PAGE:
McKenna: Yeah, we had the moving parts of, obviously, curing the villains was part of it, who was the main villain was an evolving idea, but was honed during pre-production as we stripped stuff away and we really started really leaning into the idea of Goblin being our main villain. And the death of May is something that evolved as something that we thought was just, in terms of story, just necessary, it just felt organic that she would willingly know, that she knew that there was great sacrifice in her code of living and Peter has to learn that there is great sacrifice too.
But it was also, we had these two things, we had the magic spell and we had this magic box, and we knew we had these two things. It was during production we were writing documents about what the spell did, what the box did. I think it was November of last year, it was Erik and I working on this document while we’re doing daily pages, while we’re shooting, really trying to hone what does the spell do, what does the box do? How do we clarify these things? Because they are, they make fun of the term goobers in the Spider-verse. But it really is, it’s like how many goobers can you put in this movie that also has all these characters?
We were really trying to refine those goobers and it was, at a certain point, the idea that his identity would get erased was baked in at a certain point, but it was for a different reason. Then it became this idea that that was how we would do it to stop this influx of people. But then when would he do it and when would he know it was a lifetime sacrifice? That changed too, and that then became the donut shop scene where he thought he was really going to walk into that scene and reveal who he was and get these two loved ones back into his life, and then he makes the last hard decision of his life in that moment. That all evolved while we were in production. I think that was all taking shape, I would say, November, December of last year.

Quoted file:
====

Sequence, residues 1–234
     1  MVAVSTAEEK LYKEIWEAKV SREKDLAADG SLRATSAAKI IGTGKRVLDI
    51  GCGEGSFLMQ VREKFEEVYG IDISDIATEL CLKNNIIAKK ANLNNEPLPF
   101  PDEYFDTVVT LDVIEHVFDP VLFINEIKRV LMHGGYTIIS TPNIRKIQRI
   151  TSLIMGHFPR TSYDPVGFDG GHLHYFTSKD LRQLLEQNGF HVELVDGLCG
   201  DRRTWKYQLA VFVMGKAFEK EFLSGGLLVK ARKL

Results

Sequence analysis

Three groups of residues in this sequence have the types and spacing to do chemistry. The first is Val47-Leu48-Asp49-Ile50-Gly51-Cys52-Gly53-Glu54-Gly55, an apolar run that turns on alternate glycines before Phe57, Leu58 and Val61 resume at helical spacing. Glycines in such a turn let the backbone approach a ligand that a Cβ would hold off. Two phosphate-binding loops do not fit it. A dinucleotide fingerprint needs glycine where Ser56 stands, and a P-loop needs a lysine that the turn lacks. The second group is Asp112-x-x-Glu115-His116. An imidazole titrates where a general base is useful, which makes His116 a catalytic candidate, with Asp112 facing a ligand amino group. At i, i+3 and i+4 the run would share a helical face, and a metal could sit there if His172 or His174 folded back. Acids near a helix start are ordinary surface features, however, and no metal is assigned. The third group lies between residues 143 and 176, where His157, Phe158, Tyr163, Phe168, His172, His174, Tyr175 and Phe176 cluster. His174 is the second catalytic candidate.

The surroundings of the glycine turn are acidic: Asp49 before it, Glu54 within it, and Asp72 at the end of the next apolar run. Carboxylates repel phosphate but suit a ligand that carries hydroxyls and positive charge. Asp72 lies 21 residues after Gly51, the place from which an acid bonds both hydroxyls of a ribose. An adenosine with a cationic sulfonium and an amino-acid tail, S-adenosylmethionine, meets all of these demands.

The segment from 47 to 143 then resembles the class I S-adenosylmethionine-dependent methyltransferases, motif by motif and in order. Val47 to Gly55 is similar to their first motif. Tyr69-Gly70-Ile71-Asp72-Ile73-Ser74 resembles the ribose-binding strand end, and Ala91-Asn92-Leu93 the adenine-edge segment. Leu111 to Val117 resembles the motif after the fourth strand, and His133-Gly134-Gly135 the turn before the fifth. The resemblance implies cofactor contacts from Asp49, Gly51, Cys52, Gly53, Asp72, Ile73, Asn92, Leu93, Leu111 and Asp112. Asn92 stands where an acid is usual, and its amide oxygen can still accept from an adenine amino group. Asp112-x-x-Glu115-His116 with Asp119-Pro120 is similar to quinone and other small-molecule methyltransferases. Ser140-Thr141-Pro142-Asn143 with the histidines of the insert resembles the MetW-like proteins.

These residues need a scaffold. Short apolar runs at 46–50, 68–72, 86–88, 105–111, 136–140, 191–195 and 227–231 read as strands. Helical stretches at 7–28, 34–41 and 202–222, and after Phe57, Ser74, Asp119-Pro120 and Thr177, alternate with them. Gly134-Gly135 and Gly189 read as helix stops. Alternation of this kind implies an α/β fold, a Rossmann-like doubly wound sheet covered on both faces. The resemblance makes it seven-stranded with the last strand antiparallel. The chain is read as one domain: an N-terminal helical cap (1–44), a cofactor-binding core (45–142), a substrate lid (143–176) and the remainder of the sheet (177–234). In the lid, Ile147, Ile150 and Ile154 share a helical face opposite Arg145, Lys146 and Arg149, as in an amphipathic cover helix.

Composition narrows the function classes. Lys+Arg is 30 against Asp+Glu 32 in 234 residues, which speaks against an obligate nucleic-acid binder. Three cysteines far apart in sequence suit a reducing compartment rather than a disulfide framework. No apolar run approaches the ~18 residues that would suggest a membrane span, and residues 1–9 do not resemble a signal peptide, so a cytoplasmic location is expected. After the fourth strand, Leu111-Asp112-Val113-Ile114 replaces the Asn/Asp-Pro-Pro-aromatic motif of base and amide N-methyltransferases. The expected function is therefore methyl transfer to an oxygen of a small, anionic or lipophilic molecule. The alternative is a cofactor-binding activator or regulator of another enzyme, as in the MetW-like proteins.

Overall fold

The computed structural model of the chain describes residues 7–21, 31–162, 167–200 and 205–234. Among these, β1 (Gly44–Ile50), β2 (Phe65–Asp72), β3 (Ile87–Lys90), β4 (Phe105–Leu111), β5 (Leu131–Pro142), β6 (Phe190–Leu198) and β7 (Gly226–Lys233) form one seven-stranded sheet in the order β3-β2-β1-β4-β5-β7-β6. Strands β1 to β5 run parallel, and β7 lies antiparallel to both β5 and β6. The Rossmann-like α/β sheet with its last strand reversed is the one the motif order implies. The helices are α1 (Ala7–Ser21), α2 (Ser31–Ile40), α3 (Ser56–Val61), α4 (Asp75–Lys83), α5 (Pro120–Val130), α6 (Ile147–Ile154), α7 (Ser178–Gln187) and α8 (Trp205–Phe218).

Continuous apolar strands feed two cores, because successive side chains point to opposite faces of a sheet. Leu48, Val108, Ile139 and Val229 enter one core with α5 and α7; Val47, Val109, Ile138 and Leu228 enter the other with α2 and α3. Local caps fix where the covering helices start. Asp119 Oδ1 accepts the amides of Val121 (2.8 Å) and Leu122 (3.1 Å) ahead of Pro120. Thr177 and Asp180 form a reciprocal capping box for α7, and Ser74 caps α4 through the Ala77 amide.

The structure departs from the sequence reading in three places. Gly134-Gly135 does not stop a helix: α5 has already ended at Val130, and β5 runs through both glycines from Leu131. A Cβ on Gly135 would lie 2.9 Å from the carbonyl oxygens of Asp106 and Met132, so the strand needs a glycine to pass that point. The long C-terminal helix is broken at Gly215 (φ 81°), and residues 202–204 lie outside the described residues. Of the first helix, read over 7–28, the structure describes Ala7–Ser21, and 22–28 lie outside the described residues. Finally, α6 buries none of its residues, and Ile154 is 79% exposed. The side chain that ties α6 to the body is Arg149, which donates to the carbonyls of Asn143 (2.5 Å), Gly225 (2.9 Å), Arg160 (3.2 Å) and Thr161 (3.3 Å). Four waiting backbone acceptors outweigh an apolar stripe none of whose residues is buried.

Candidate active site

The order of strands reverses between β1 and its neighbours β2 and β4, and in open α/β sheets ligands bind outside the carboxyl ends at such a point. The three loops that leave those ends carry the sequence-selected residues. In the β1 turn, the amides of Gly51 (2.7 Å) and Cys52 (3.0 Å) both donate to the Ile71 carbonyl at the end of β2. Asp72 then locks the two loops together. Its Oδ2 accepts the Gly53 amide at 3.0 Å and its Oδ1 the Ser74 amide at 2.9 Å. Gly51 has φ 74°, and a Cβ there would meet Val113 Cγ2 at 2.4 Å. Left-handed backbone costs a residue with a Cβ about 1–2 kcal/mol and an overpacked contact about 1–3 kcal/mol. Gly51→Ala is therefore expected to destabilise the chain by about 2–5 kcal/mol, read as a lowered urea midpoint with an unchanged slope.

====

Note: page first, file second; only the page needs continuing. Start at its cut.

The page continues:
Sommers: When you’re facing any Act 3, you ideally have set up a lot of things and you need to pay them off and draw them to a close and everything. But, more than anything, you need to draw your emotional story of your main character to a close in the most satisfying way. You’re trying to tell the best story, so everything has to be in service of that. So that’s why we keep working on these things — it’s not just because, “Oh, this will be the coolest visual thing.” That’s all considerations, of course. Always. But it’s all in service of the character and the journey of Peter Parker.
That’s your North Star, and that’s what’s guiding you. And so when we keep working on these things it’s just because we want to make sure to have the most satisfying fun Act 3 finale of this movie that draws all this stuff to a close in the most satisfying exciting way, but it’s all in service of telling Peter Parker’s story, and so that’s the refining process that is always happening.
“Spider-Man: No Way Home” is now playing in theaters across the Multiverse.